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David Cavazos, Phoenix's New City Manager, May Owe His Job to a Plugged-In Developer

Phoenix Mayor Phil Gordon and the Reverend Oscar Tillman, who heads the local NAACP, have long enjoyed a good relationship — if not literally close, at least as positive as any relationship based in politics can be.

But Tillman told me last week that Gordon has lost his support.

And that's putting it mildly.

"I supported the mayor two times, but I know one thing," Tillman says. "The mayor couldn't get a vote from me for dogcatcher. I believe he's really shown he's no longer qualified to be a leader."

Tillman's anger is just one piece of fallout from the city's selection process for a new city manager. The quest to fill the most powerful position in Phoenix has led to hurt feelings, angry meetings, and, worst of all, some troubling allegations of influence peddling.

Now, it's true that the criticism comes predominantly from black leaders, and the new city manager is Latino. But the allegations are truly troubling regardless of whether you're black, white, or brown. One councilman told me on the record that he believes a well-connected developer, Wayne Howard, lobbied the council hard — and that Howard's push may have ultimately proved one of the biggest factors in the council's choice.

Surely, no one expected it would be easy to settle on a successor for the beloved Frank Fairbanks. Fairbanks didn't just lead Phoenix for 37 years; he managed to make it look easy.

But I doubt anyone expected it to get this ugly.

During a mammoth, eight-hour executive session last month, the city council chose 49-year-old David Cavazos as the new city manager. But my sources tell me that the tension now roiling City Hall predated that meeting, as insiders began to see the writing on the wall weeks in advance and suspect Cavazos would be the council's pick.

Suffice it to say, some people were not happy about that.

Cavazos may have been an inside candidate who spent 22 years with the city, but that didn't make him uncontroversial. A Chicago native, Cavazos drew a five-day suspension in 2006 after the Arizona Republic reported that he'd flown first class on the city's dime — and, according to a report from the city's auditors, "set the tone that allowed subordinate staff to also inappropriately use city funds."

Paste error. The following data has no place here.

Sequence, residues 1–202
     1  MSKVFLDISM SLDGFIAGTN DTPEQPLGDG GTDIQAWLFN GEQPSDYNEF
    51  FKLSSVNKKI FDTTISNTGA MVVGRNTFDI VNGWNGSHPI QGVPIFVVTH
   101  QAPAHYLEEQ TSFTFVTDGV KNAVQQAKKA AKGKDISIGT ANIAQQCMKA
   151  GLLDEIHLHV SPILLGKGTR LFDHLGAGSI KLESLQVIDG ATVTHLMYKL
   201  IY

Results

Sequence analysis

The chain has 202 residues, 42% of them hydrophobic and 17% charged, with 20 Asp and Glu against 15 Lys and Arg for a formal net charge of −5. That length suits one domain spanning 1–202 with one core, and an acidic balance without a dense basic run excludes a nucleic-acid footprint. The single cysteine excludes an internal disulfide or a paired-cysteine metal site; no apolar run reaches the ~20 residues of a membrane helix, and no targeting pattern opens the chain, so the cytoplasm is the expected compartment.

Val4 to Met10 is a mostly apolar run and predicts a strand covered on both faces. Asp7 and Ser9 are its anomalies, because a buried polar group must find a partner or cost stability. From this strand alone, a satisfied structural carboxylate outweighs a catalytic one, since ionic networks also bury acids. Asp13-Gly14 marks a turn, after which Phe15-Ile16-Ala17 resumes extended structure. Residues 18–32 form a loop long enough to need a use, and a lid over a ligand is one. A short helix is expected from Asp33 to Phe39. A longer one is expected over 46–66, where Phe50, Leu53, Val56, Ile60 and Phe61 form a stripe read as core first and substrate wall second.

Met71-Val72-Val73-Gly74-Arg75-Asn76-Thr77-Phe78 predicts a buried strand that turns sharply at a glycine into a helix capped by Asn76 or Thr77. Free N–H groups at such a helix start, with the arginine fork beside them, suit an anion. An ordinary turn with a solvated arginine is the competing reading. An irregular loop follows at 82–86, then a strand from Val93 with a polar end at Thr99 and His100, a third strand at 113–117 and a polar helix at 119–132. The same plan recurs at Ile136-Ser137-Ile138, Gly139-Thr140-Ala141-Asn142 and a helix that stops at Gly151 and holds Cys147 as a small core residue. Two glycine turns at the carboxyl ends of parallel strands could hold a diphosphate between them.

I'm told that Fairbanks' number two, Assistant City Manager Alton Washington, announced his retirement last month not because he was eager to move on, as has been reported. I'm told it was because he refused to serve under Cavazos. (Reached at home Monday, Washington declined comment.)

Indeed, at a tense private meeting in the mayor's conference room a few weeks before the vote, the Reverend Tillman and other African-American leaders expressed concern with how Washington, who is black, had been treated. Yes, Washington was never actually a candidate, but as the city's second-in-command, shouldn't his concerns about Cavazos carry some weight?

Tillman also told Gordon that he felt the search was set up to exclude other worthy black candidates — including Glendale City Manager Ed Beasley — in favor of a less-qualified Hispanic, Cavazos.

The bad will surrounding Cavazos' appointment has gotten so bad that some city officials were pointedly not invited to Assistant City Manager Washington's going-away lunch. Meanwhile, Tillman refused to attend City Manager Fairbanks' official farewell party.

"I would not publicly come to [Fairbanks'] retirement . . .," Tillman says. "I didn't want to stand there like we were all happy in our community."


To outsiders, Cavazos' selection may have seemed unexpected.

He wasn't supported by the powerful firefighters union. He was also arguably the least experienced of the four finalists, all insiders. He was a deputy city manager for just three years, and he's never actually run a city department, other than a stint as "acting" aviation director. Unfortunately for Cavazos, that two-year stint is today mainly evocative of the infamous travel-abuse scandal.

And while it's true that one other finalist for the job, deputy city manager David Krietor, was also disciplined for his role in that scandal, it's worth noting that Krietor didn't actually do anything wrong other than sign off on reports by Cavazos. Somehow, Cavazos still beat him out for the job.

How?

I don't think it's wise to underestimate the Wayne Howard factor.

Howard is not one of those developers who hire publicists to get their names in the paper. Most people in Phoenix, I suspect, have never heard of him.

But Howard, who lives in Paradise Valley, is well known by the people who matter at City Hall — check just about any elected official's campaign finance report and you'll see not only that Howard has donated the max, but you'll also notice the names of plenty of his friends. Every politician knows about Howard's "breakfast club": a group of developers and zoning attorneys who meet monthly for breakfast. They don't just eat together; they also donate together.

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Sarah Fenske
Contact: Sarah Fenske